Friday, 12 July 2013

A Newbie's Guide to TV Presenting

Giuliana's personality
makes you want to be
her best friend
I'm not a pro at conducting interviews. Nor do I have years of experience in the TV Presenting arena. However, I do tend to read plenty of over-hyped advice from TV presenting professionals who unknowingly put the fear of God in you- And don't get me wrong, their advice IS stellar. It would just be nice to have somebody who's in the same boat as you. For the tonnes of people who decide to break through their nerves and begin to realize their dream of being a TV presenter, it's great to have a community and share advice from others in the same position. Here are a few authentic advice from a fellow newbie-

1) Do your research. There's nothing worse than fumbling over your questions. Straight of the back it shows
that you don't have the chops to be a TV presenter. In other cases, make sure you know all the facts, figures and names. Getting information wrong is highly offensive! I always make a point to over-prepare than under-prepare. I write every potential question down and exhaust Google with my research in the days leading up to an interview. It really does set the tone for the day.

2) It may be hard to remember or even acknowledge when you are a bag of nerves BUT the people you are interviewing are WAY more nervous than you. I've always had nerves at the beginning of an interview, but straight away I've realised that the people i'm interviewing are petrified. They talk too fast, they stutter, they don't know what to do with their hands. It's your job to put them at ease. The first question is the hardest but once you get it out of the way it turns into a conversation instantly. Set that casual tone from the beginning so you can conduct the best interview possible!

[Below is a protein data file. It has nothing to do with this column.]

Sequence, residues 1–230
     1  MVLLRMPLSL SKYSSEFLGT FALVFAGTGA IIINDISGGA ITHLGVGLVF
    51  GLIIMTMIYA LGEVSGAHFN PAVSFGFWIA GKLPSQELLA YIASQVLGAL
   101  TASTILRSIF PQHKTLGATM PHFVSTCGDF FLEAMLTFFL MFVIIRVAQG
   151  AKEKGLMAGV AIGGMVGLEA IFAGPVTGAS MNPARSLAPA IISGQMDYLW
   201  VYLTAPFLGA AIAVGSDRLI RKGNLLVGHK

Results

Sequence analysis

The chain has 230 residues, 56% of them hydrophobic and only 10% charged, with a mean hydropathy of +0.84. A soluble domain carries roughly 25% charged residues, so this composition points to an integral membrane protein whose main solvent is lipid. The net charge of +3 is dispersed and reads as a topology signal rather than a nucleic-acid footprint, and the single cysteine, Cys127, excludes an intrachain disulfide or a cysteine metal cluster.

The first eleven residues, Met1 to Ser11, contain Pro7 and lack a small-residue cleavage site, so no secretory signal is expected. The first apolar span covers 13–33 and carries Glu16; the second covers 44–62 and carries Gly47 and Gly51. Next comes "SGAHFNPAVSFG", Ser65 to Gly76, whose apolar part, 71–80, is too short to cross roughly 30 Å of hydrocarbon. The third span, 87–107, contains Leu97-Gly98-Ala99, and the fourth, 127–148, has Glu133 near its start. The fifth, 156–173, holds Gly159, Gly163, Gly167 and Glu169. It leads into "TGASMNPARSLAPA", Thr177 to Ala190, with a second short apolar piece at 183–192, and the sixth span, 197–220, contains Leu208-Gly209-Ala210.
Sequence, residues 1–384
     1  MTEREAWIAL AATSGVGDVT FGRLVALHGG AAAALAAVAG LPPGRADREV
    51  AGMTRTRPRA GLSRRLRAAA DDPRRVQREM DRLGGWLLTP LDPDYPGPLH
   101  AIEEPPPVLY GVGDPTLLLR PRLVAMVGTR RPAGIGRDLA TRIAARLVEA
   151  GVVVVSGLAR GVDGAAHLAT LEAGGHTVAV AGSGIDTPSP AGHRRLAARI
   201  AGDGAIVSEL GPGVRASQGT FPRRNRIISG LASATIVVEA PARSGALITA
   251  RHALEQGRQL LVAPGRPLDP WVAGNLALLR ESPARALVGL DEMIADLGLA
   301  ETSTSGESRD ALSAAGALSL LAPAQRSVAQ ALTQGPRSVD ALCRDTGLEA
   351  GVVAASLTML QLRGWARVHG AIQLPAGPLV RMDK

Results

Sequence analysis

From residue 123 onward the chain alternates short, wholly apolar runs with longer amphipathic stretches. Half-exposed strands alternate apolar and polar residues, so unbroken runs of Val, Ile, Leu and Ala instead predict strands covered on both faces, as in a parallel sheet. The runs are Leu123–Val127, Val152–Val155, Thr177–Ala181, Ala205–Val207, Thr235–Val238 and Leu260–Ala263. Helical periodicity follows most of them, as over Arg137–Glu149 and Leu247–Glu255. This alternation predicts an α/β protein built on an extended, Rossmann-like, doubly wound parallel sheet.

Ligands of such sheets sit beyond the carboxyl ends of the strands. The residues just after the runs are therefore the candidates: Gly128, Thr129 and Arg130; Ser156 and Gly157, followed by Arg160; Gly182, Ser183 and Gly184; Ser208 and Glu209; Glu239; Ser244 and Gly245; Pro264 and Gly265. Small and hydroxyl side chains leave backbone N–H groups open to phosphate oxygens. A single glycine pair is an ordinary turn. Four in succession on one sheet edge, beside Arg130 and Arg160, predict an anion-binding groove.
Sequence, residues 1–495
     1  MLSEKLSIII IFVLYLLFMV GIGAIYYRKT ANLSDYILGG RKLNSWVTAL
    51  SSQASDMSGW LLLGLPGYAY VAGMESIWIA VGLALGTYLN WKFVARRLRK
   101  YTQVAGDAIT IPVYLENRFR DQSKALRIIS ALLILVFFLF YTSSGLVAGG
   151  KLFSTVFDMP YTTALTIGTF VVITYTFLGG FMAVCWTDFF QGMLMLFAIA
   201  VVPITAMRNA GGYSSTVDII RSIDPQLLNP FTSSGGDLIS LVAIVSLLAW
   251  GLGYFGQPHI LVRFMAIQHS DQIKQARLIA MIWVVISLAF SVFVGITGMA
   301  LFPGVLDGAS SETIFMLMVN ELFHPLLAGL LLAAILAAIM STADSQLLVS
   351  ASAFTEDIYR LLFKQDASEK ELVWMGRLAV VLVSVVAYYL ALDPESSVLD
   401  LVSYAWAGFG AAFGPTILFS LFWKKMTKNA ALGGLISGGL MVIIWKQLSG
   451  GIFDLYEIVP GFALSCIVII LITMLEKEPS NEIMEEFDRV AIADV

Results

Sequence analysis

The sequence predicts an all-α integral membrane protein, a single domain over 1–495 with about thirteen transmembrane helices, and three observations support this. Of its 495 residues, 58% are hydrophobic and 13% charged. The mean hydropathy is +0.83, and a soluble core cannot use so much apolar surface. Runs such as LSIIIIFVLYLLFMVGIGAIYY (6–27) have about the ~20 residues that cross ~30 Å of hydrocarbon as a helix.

3) You should treat every opportunity like a networking opportunity, especially your early presenting jobs. It doesn't matter if you've interviewed a dog whisperer- hand them your business card. Always carry a wad around with you, especially since they're so cheap nowadays!

4) I understand TV Presenting training/courses are ridiculously expensive, but it is great to get some initial training from professionals so you have some sense of direction as to how to act. There's no point splashing out on the longest training course available, but investing in a weekend course like I did will be beneficial. I gained so much confidence in 2 days that I wasn't expecting and did everything from script writing to shooting my show-reel.

5) Say yes to anything. In the early stages you don't really have a choice to say no to a presenting job. Well you do, but your replaceable in a heartbeat. It will also give you a bad name in the industry from the on-set. It's difficult enough to get a presenting job and when you go on to dismiss it, it's a major sin. If it's a case of not being interested in the presenting topic, just pretend you are- you have a show-reel to build in the first instance. Once you have a lot of footage you can really hone down on your craft. If it's a case of travel, ask if the company will cover your expenses. I asked recently and everything worked out just fine.

6) Don't compare yourself to others. Laura Whitmore may look exquisite on screen and no one can play off quirky charm like Giuliana Rancic, but find out what your own style is.

7) Rejection hurts like a bitch. Shrugging it off means you don't care about your career. Take 5 minutes tops to mourn the loss of that job and then move on. I deal with constant rejection, but once in a while I get a golden opportunity which I appreciate. 

8) YouTube videos will help create your brand. Get out there and show off your hosting skills. The great thing with making videos is you can hone your skills on a trial and error basis. You have an audience that can help you decide what works and what doesn't. Also try not to conform! Don't do a smoky eye tutorial if you feel as if everyone else is doing it on YouTube.

9) Dress the part! I've heard shocking stories of people turning up looking like they've rolled out of bed. If that is your personal style, then at least make it look like you've rolled out of bed from the right side.

10) Don't instantly turn your smile into a frown once the camera stops rolling. It's the fakest thing ever!! C'mon guys- at least enjoy it- this is your passion!


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